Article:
Who is Polly Klaas?
Polly Hannah Klaas was a twelve-year-old girl from Petaluma, California. Polly was a pretty, brown-eyed, fair-skinned youngster with dimples. She wore her wavy, dark hair past her shoulders and had a lifelong fear of the dark. She could not get to sleep unless there was a little light on. She was scared of a mysterious bogeyman and of the possibility of being kidnapped. It was something she had discussed often with her parents. Her father, would recall with bitter irony how he had assured his daughter “that everything would be all right, I would always be there to protect her.”
School photo of Polly Klaas
According to loved ones, Polly had a good sense of humor and enjoyed dressing up like an old lady and hobbling about with a cane, which she would use to suddenly whack someone on the behind. She also enjoyed making people laugh by imitating a chihuahua by sticking her tongue out and rolling her eyes. Friends thought she did a good Elvis Presley imitation. Polly also had a sarcastic streak. Once when the family was trying to eat dinner through little sister Annie’s loud crying, Polly commented, “Gee, that’s relaxing.”
On the night of October 1, 1993, Polly was having a slumber party when a strange man holding a knife snuck into the Klaas family home and entered Polly’s room, frightening Polly and her friends. He then tied up all the girls and put pillow cases over their heads. The intruder then took a sobbing Polly off into the night.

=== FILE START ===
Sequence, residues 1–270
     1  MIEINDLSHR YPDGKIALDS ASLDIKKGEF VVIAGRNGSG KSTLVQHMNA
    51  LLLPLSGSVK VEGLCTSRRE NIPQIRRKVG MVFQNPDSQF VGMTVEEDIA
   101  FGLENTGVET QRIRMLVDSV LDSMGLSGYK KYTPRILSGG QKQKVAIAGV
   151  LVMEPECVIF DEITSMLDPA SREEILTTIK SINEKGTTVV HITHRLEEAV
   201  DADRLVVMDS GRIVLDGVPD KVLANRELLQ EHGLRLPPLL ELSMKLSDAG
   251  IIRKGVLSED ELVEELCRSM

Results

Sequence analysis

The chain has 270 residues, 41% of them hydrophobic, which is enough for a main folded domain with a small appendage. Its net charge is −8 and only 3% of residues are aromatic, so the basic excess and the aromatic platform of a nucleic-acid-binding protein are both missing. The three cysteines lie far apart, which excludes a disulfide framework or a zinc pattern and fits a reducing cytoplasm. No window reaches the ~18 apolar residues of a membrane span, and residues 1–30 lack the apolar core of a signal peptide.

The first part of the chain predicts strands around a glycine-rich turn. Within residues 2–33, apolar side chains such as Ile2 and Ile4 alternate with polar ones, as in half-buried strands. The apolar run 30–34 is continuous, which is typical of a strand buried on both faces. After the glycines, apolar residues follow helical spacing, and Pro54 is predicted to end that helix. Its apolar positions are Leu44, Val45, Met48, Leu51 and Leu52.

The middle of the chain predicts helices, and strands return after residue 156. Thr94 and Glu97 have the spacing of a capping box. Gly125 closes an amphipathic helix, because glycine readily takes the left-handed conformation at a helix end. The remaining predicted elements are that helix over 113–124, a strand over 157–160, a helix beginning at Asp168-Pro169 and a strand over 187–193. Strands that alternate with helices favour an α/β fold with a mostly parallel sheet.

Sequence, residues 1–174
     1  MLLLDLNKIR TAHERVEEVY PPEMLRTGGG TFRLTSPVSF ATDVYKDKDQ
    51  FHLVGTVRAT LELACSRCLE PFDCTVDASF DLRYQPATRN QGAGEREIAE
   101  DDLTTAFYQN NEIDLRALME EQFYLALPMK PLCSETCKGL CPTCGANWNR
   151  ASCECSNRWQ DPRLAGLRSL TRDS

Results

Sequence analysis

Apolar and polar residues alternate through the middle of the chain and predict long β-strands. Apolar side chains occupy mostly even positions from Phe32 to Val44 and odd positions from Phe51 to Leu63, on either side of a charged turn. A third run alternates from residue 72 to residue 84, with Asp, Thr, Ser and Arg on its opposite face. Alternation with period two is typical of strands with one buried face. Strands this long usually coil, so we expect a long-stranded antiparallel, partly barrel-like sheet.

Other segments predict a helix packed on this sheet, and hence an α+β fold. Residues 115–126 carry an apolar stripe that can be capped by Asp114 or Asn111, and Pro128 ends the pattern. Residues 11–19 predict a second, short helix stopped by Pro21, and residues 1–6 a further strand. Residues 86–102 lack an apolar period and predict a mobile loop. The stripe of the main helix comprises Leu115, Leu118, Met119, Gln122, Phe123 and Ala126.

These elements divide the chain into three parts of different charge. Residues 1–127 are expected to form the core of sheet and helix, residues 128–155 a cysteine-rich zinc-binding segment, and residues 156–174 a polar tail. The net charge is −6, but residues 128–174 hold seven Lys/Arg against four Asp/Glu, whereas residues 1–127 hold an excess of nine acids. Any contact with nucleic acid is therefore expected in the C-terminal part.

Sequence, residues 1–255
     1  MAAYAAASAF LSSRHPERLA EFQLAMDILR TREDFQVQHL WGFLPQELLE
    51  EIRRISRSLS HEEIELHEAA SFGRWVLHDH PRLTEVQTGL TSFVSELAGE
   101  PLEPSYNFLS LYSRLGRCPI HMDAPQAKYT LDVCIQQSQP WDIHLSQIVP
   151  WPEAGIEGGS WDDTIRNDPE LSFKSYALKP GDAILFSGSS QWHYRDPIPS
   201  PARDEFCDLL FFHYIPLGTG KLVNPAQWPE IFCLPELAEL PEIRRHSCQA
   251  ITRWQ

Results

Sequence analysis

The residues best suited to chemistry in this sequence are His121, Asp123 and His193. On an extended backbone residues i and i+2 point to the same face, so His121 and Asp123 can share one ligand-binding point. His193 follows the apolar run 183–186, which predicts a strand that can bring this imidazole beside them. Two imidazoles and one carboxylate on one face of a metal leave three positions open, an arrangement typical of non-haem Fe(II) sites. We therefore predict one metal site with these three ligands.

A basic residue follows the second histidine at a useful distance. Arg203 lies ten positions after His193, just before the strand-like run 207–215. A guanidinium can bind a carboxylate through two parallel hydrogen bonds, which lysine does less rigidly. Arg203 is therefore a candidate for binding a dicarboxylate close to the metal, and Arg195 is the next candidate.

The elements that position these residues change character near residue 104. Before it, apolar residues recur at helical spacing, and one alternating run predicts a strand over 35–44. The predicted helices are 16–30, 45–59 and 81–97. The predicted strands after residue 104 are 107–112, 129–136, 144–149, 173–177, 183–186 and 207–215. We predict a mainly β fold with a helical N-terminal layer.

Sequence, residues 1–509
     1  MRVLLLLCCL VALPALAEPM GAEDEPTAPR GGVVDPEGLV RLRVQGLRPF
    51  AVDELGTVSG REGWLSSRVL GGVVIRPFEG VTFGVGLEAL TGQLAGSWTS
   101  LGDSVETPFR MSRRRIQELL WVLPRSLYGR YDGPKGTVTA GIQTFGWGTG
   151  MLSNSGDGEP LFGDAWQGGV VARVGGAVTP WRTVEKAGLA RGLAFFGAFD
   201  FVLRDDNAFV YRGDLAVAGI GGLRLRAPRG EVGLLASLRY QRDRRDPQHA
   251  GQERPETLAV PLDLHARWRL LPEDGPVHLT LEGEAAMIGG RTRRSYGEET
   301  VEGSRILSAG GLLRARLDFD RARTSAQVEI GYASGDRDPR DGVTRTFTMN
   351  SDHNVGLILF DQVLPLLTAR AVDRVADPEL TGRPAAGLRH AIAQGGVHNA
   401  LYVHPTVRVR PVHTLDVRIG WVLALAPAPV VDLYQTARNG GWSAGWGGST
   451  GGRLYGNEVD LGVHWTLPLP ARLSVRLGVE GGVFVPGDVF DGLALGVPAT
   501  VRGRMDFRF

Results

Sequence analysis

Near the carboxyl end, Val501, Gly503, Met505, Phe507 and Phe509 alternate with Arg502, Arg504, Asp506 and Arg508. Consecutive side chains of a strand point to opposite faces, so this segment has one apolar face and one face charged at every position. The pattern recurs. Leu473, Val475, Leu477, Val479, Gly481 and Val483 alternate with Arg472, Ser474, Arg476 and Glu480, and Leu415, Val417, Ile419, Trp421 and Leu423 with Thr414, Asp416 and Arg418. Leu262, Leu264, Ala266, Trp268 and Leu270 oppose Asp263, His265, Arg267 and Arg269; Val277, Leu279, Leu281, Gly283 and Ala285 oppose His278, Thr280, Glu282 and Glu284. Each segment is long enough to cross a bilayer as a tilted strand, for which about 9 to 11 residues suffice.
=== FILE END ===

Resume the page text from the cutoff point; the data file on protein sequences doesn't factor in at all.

Her friends stood back-to-back trying to untie themselves. When that didn’t work, one girl was able to bring her hands under her feet to free herself. The girls then awakened Polly’s mother, who immediately called the police.
People in her home town and throughout the world helped search for her and two months after her abduction, she was located deceased.
Polly’s body was found on December 3, 1993 and by that time over 2 BILLION images of Polly Klaas had been distributed worldwide.
From the very beginning the search for Polly Klaas was conducted using the Internet, which had never been done before.
Previously, missing child posters were blurry reproductions that were photocopied, faxed, and hand distributed.
But this was 1993, the dawn of the “Information Super Highway.” The day after Polly was kidnapped, two Petaluma residents, Gary French and Bill Rhodes, contacted the police department to inform them that Polly’s missing child poster could be digitized, resulting in a crisp recognizable image.
French and Rhodes were joined by a third person, syndicated computer columnist Larry Magid, who contacted several Internet networks with world-wide clientele of more than 20 million users.
Polly’s crisp, recognizable, missing child poster soon received a far wider distribution than any previous missing child poster, which is one of the reasons why so many people know about Polly Klaas.
Polly was very close to her family but especially her father, Marc Klaas, the founder of the Polly Klaas Foundation.
Photo of Marc Klaas
Barry Bortnick wrote in Polly Klaas: The Murder of America’s Child, “Polly spent most holidays and weekends with her dad, who ran a Hertz rent-a-car office in San Francisco’s Fairmont Hotel. Wherever Polly’s family moved, Marc Klaas was there. He worked as a teacher’s aide in some of Polly’s schools.” Joe Klaas said, “They had an incredible relationship” and remembered that “If anyone made a joke about Marc, she would jump to his defense.”
The Polly Klaas Foundation is a national nonprofit dedicated to the safety of all children, the recovery of missing children, and public policies that keep children safe in their communities. Since the founding in 1993, the Foundation has used our compassion, experience and professionalism to help more than 7691 families find missing children.